Research

Soccer Refs Subconsciously Call More Fouls on Plays to the Left

July 8, 2010

Penn researchers are cited for their study of a potential referee bias at the World Cup.

Article Source: Wired
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Media Contact:Jordan Reese | jreese@upenn.edu | 215-573-6604July 12, 2010

Making the Invisible Visible: Verbal Cues Enhance Visual Detection, Says Penn Researcher

PHILADELPHIA –- Cognitive psychologists at the University of Pennsylvania and University of California have shown that an image displayed too quickly to be seen by an observer can be detected if the participant first hears the name of the object.

Low-Tech Pregnancy Device Might Help Birth Attendants Reduce Maternal Mortality

July 6, 2010

Barbara Reale of the School of Nursing leads birth simulation exercises.

Article Source: Washington Post

Audio: Can Genes and Brain Abnormalities Create Killers?

July 6, 2010

Stephen Morse of the Law School and the School of Medicine discusses neurolaw and the criminal mind.

Article Source: National Public Radio
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Media Contact:Jordan Reese | jreese@upenn.edu | 215-573-6604June 21, 2010

Platelet Avatars: Penn Bioengineers Create Simulator to Test Blood Platelets in Virtual Heart Attacks

PHILADELPHIA –- A team of bioengineers from the University of Pennsylvania Institute for Medicine and Engineering have trained a computer neural network model to accurately predict how blood platelets would respond to complex conditions found during a heart attack or stroke.

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Media Contact:Jordan Reese | jreese@upenn.edu | 215-573-6604June 17, 2010

Penn Physicists Honored With 2010 Europhysics Prize

PHILADELPHIA -- Charles Kane and Eugene Mele of the University of Pennsylvania are among five scientists awarded the 2010 Europhysics Prize of the European Physical Society Condensed Matter Division for the theoretical prediction and experimental observation of the quantum spin Hall effect and topological insulators.

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Media Contact:Jordan Reese | jreese@upenn.edu | 215-573-6604 June 16, 2010

Sex, Drugs and Moral Goals: A Penn Psychology Study of Reproductive Strategies and Recreational Drug Use

PHILADELPHIA –- Why is there so much disagreement about whether using recreational drugs is morally wrong? A University of Pennsylvania psychology study shows that the debate about drugs might really be about sex.

The study compared two competing theories.

One theory -- the conventional wisdom in political science -- sees drug attitudes as primarily coming from people's political ideology, level of religious commitment, and personality, for example, openness to experience.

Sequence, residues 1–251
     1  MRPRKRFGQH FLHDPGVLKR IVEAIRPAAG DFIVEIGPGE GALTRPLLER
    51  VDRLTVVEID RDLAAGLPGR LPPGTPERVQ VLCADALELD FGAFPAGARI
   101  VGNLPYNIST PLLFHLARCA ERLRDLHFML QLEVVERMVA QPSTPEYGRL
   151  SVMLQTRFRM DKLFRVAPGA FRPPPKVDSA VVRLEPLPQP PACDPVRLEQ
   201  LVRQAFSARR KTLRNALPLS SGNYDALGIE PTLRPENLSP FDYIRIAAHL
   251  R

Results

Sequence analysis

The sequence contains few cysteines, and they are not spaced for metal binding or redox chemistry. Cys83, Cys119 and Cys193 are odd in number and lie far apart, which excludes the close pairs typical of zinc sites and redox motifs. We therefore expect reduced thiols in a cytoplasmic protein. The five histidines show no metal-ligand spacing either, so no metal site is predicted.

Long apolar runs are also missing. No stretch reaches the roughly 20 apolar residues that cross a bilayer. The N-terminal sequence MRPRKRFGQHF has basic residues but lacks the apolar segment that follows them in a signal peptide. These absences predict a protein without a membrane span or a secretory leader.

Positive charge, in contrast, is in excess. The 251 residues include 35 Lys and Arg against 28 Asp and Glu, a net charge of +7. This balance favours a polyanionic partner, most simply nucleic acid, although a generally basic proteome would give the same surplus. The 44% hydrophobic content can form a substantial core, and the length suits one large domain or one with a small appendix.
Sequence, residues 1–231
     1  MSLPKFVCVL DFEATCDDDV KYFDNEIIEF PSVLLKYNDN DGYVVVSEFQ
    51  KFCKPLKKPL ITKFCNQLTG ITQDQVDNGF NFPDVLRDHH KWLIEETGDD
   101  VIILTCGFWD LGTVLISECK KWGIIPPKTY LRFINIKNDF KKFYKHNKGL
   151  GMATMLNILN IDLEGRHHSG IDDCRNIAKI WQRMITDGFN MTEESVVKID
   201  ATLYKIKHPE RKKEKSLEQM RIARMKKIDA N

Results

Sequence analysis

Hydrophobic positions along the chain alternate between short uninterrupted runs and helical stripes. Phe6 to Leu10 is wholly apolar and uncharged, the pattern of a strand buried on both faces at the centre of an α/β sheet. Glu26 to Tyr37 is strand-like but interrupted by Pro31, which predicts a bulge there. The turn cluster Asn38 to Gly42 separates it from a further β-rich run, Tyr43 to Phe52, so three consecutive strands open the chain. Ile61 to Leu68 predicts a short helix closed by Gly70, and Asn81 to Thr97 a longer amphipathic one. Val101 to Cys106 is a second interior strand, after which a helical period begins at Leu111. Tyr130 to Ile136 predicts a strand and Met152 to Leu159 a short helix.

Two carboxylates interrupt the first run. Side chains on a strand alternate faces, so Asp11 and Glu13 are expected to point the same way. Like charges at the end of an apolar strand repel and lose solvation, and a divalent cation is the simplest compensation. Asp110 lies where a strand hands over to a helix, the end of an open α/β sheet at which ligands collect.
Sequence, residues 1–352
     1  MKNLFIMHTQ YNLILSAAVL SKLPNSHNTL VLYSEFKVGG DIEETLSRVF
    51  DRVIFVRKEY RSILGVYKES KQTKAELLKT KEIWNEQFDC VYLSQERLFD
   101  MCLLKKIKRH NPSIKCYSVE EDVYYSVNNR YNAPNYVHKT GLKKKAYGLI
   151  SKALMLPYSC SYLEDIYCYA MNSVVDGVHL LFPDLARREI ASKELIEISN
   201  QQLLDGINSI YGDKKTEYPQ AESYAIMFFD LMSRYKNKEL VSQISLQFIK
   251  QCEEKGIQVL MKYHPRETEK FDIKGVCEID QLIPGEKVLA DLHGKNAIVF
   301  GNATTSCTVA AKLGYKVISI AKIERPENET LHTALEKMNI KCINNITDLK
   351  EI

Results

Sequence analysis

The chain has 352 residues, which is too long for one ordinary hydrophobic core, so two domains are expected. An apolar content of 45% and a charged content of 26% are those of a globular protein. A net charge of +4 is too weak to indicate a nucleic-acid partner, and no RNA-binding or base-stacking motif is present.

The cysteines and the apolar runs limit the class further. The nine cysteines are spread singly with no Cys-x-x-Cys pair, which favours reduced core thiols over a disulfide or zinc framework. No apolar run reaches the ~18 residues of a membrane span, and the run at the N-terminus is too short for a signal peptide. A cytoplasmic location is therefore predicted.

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Media Contact:Jordan Reese | jreese@upenn.edu | 215-573-6604June 10, 2010

University of Pennsylvania Analysis: Contrary to Popular Models, Sugar Is Not Burned by Self-Control Tasks

PHILADELPHIA –- Contradicting a popular model of self-control, a University of Pennsylvania psychologist says the data from a 2007 study argues against the idea that glucose is the resource used to manage self control and that humans rely on this energy source for will power.

The analysis, conducted by Robert Kurzban and published in the current issue of the journal Evolutionary Psychology, shows that evidence previously presented in favor of the claim that the brain consumes extra glucose when people exert self-control shows no such thing.

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Media Contact:Karen Kreeger | karen.kreeger@uphs.upenn.edu | 215-349-5658June 1, 2010

Jumping Genes Provide Extensive “Raw Material” for Evolution, Penn Study Finds

PHILADELPHIA - Using high-throughput sequencing to map the locations of a common type of jumping gene within a person’s entire genome, researchers at the University of Pennsylvania School of Medicine found extensive variation in these locations among the individuals they studied, further underscoring the role of these errant genes in maintaining genetic diversity.

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Media Contact:Jordan Reese | jreese@upenn.edu | 215-573-6604 May 26, 2010

Penn Researchers Add Genetic Data to Archaeology and Linguistics to Get Picture of African Population History

PHILADELPHIA –- Genetic researchers from the University of Pennsylvania have combined data from existing archaeological and linguistic studies of Africa with human genetic data to shed light on the demographic history of the continent from which all human activity emerged.

The study reveals not just a clearer picture of the continent’s history but also the importance of having independent lines of evidence in the interpretation of genetic and genomic data in the reconstruction of population histories.